Two solar flowers are making their way to the side lot of 41 Berkeley St. at the Benjamin Franklin Institute of Technology (BFIT). Attorney Matt Kiefer came before the South End Landmark District Commission (SELDC) on July 2 to request approval for these flowers, which will be installed in a partnership with a company called SmartFlower.
Kiefer said these solar flowers, which have a diameter of 16 feet when open, will “demonstrate the possibilities of solar power for the building.” The flowers themselves, just like real flowers, will open their petals when the sun comes out, and close them in the dark. A representative for SmartFlower said that these flowers are “inspired by the heliotropic properties of a sunflower.”
“SmartFlower is a stunning, simple system, but inside it has advanced robots which the students will be learning about,” he said. As soon as the sun comes up, the flower opens its petals and then follows the sun at an optimal angle across the sky, the representative said, adding that there are specially engineered brushes inside the flowers that clean the system every time it opens and closes, so it always opens at peak performance. Over one year, each flower will produce approximately 5,000 kilowatt hours of energy for the school.
Aisha Francis, Chief of Staff at Benjamin Franklin Institute of Technology, said that aside from providing solar power for the school, the flowers will be used for coursework in classes like Intro to Electromechanical Systems. “We train folks manually from the Boston area,” Francis said of BFIT, so these flowers will demonstrate the technology for the students so they can be trained in the way green technology works.
The project, which will be temporary, is proposed to last up to three years.
SELDC Commissioner John Amodeo wondered about public signage for the flowers explaining what they were. He said he believes this would be a good addition because these flowers have “public value beyond what the students can do,” he said. The flowers are visible to the public, he continued, so “it would be mice if the public knew what this curious thing was.”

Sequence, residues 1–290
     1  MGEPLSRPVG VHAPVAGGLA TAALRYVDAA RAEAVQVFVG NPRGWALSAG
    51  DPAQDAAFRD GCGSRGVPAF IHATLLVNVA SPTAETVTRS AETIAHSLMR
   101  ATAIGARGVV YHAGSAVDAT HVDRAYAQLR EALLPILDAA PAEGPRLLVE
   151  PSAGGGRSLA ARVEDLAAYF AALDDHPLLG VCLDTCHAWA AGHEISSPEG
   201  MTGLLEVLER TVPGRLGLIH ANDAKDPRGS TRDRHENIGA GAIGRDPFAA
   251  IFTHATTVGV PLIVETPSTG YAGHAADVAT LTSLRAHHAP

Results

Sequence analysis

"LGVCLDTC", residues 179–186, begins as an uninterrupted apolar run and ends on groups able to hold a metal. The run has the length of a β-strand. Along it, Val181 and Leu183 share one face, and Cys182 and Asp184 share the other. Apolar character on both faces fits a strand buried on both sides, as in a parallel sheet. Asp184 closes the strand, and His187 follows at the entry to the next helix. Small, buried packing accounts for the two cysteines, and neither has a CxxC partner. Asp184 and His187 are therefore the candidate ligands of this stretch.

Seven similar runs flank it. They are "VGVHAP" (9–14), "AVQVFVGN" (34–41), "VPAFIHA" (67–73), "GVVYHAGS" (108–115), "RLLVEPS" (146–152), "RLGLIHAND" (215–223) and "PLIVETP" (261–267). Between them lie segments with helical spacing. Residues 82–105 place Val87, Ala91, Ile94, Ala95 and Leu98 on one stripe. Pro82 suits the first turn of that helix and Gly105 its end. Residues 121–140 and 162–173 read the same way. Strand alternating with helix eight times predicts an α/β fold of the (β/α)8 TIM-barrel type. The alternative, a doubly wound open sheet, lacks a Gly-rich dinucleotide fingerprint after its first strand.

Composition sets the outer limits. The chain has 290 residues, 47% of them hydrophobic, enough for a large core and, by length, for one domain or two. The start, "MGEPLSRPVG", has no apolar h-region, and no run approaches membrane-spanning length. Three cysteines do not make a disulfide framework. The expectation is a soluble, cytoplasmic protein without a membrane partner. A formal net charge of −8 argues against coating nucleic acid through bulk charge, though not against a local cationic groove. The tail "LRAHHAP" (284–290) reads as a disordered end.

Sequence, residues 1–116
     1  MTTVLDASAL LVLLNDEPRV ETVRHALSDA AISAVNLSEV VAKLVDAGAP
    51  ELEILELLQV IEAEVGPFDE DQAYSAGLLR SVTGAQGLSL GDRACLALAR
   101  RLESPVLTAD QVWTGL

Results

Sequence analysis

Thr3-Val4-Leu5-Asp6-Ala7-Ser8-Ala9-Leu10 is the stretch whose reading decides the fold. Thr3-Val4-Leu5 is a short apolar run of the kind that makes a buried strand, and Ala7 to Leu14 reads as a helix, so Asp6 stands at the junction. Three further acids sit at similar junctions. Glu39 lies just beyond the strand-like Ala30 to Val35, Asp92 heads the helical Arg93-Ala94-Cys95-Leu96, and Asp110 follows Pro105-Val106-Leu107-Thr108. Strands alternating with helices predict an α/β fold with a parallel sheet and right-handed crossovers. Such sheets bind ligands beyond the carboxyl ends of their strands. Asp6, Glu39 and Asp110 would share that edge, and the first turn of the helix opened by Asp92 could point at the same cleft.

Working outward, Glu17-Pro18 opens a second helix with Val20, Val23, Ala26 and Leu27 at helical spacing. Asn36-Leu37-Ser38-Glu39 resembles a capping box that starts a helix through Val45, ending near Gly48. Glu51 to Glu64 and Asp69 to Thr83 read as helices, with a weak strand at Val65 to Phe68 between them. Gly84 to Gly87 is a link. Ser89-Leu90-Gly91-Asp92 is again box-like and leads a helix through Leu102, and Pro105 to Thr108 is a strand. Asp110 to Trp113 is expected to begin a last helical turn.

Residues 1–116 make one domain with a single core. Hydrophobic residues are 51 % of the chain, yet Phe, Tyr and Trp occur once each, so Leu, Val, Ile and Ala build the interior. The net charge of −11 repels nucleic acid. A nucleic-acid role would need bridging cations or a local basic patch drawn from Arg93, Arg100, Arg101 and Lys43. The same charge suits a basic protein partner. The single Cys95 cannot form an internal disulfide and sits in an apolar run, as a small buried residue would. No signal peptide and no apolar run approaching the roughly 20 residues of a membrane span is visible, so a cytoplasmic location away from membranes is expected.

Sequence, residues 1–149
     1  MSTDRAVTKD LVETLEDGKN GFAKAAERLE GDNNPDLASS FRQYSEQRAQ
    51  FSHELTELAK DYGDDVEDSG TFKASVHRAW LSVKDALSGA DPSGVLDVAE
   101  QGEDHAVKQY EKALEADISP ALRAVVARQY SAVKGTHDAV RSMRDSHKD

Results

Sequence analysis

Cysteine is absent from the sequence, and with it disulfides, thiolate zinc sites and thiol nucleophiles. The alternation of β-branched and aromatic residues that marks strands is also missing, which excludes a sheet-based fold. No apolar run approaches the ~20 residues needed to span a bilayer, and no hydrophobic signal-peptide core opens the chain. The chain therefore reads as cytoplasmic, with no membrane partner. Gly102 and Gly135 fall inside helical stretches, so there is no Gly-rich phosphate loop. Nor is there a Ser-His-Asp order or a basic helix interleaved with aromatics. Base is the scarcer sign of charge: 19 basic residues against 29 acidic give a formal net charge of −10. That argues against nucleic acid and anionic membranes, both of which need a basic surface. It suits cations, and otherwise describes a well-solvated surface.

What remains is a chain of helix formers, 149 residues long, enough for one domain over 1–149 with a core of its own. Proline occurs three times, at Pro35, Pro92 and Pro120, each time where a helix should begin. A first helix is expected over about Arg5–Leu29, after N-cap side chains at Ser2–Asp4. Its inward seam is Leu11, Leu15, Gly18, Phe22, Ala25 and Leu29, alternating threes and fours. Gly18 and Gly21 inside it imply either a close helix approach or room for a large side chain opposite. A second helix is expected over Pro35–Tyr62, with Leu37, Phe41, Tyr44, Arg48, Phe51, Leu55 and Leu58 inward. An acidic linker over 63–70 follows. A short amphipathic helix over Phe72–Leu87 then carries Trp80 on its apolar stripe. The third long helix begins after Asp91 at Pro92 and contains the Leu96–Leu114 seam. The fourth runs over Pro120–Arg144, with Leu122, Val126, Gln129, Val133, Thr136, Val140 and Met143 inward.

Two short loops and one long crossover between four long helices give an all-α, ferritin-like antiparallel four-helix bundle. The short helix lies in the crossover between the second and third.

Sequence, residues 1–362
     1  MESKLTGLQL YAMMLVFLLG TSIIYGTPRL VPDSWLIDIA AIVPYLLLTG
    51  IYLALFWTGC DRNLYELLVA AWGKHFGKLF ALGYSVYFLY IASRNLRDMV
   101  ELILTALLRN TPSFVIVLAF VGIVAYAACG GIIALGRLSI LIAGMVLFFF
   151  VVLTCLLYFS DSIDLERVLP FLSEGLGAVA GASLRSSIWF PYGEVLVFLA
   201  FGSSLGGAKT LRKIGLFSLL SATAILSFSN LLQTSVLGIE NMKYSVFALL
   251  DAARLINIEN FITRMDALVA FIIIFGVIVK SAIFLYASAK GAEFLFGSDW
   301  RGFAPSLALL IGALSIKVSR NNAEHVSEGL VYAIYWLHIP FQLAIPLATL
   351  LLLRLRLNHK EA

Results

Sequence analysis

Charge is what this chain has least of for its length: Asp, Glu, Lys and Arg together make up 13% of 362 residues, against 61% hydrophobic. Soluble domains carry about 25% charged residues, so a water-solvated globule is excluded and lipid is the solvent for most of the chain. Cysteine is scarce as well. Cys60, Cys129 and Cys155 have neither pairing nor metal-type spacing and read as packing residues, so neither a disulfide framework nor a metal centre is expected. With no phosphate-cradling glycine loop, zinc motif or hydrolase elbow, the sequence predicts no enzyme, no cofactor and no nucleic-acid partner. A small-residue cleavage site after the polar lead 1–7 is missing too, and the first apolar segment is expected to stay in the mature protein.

Another topic of discussion amongst the commissioners was the proposal to leave these flowers in place for up to three years. “Maybe we review this on an annual basis,” Amodeo said. “This is the first of its kind, unique, we haven’t encountered this before.”
Amodeo said that most public art in the city has an expiration date of one year, and he wanted the option for the commission to be able to review it in a year for renewal. He added that they may want to take into consideration the public reaction after one year as well.
Marcus Springer of Springer Architects said he lives 100 yards away from the installation site, and thinks it is a “fascinating, great addition to the South End.” He said he would love to take his young sons there, who are both “fascinated with renewable energy.”
“This will be a really important addition to that corner,” he said.
“I think this is very cool,” said Commissioner John Freeman. “The Commission highly supports creative things like this.”
The Commission “enthusiastically approved” this proposal as submitted, with the provisos that a sign be installed on the sidewalk that lets the public know that this is a temporary installation and describes what it is, the flowers be a medium/pearl gray, and it must come back before the Commission in one year for a review before it is renewed for a second year.